In the series, Hemo appears in between the scenes onstage in an auditorium full of Jewish Israelis, presenting facts about Arabs in Israel, such as how much they earn annually as compared to their Jewish counterparts. The camera often pans to the looks of shock on the faces of people in the audience when Hemo presents data about the inequities.
At a time when public opinion in Israel is more polarized than ever, Hemo believes the series helps counter divisions, even in the depths of ongoing conflict. “I have never gotten so many responses from the Israeli public,” he says. “It was an unbelievable thing to viewers—the fact that these guys are living among us, between us.”
This interest is reflected in hard data collected by The Seventh Eye’s Oren Persico, which shows that Israelis, in contrast to their declining interest in Palestinians in the West Bank and Gaza, increasingly want to learn, hear and read about Arab citizens of Israel. Until 2021, he says, Palestinian citizens of Israel made up only about 4 percent of interviewees on mainstream Israeli television and radio stations. On Hemo’s Channel 12, that number was even lower, Persico says.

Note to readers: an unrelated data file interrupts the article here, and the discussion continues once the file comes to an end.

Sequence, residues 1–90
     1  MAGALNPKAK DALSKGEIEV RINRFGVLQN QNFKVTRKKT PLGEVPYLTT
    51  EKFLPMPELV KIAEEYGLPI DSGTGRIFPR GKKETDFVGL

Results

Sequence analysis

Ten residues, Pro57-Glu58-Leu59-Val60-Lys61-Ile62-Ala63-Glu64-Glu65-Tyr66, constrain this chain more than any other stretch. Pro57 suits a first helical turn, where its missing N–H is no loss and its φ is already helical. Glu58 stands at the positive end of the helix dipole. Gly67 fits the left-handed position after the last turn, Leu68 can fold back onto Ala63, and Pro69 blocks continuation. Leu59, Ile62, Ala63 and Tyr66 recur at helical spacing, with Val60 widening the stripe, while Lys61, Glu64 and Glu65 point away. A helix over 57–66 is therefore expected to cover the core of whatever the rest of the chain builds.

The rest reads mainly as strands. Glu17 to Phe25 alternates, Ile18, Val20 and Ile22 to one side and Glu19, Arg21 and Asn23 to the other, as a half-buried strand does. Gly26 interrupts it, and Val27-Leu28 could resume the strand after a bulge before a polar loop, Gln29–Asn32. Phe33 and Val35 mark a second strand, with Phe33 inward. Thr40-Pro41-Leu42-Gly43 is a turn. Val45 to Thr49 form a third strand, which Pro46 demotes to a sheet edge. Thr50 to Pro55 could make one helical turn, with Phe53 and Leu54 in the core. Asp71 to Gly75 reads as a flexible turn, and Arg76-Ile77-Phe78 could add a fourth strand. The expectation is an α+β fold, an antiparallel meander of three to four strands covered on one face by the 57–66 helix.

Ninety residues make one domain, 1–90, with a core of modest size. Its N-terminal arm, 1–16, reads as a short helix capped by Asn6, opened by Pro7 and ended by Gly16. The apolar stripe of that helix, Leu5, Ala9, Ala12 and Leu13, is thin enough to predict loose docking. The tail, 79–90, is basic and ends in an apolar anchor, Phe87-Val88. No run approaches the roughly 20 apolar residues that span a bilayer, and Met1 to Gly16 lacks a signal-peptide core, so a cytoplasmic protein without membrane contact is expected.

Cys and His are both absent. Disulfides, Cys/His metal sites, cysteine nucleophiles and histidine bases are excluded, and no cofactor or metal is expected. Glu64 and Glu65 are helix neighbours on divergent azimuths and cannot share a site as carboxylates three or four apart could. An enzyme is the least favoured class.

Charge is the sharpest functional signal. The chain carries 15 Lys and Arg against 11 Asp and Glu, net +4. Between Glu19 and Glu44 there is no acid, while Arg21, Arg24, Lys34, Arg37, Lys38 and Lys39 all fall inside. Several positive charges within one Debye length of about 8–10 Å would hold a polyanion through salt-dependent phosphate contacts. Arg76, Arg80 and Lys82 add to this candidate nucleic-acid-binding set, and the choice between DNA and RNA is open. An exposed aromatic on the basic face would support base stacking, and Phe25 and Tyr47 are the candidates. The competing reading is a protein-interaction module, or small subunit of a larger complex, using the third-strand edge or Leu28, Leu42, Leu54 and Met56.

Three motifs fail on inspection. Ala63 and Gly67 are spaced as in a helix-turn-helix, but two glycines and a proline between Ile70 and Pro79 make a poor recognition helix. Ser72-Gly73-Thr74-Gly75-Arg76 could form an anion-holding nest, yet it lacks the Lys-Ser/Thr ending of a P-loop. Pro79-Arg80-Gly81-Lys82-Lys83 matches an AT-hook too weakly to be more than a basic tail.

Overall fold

In 2021, however, The Seventh Eye tracked a major shift, with more Arab faces and voices in mainstream Israeli media and “a huge increase in the number of Palestinian interviewees on mainstream television,” says Persico. “It’s the best year since we started monitoring in 2016.” That has to do in part, he explains, with the increased visibility of Arab member of Knesset Mansour Abbas and his role in the governing coalition that collapsed this past June. It’s also due to the riots that swept through the country’s mixed Arab-Jewish cities, such as Haifa and Lod, during the military escalation in May 2021. But while the increase in Arab voices is encouraging, says Persico, progress is slow. On political talk shows, for example, just 0.9 percent of interviewees in previous years were Arabs. This year, he says, one political talk show managed to be the third best in overall Arab representation, with Arabs making up 7 percent of interviewees.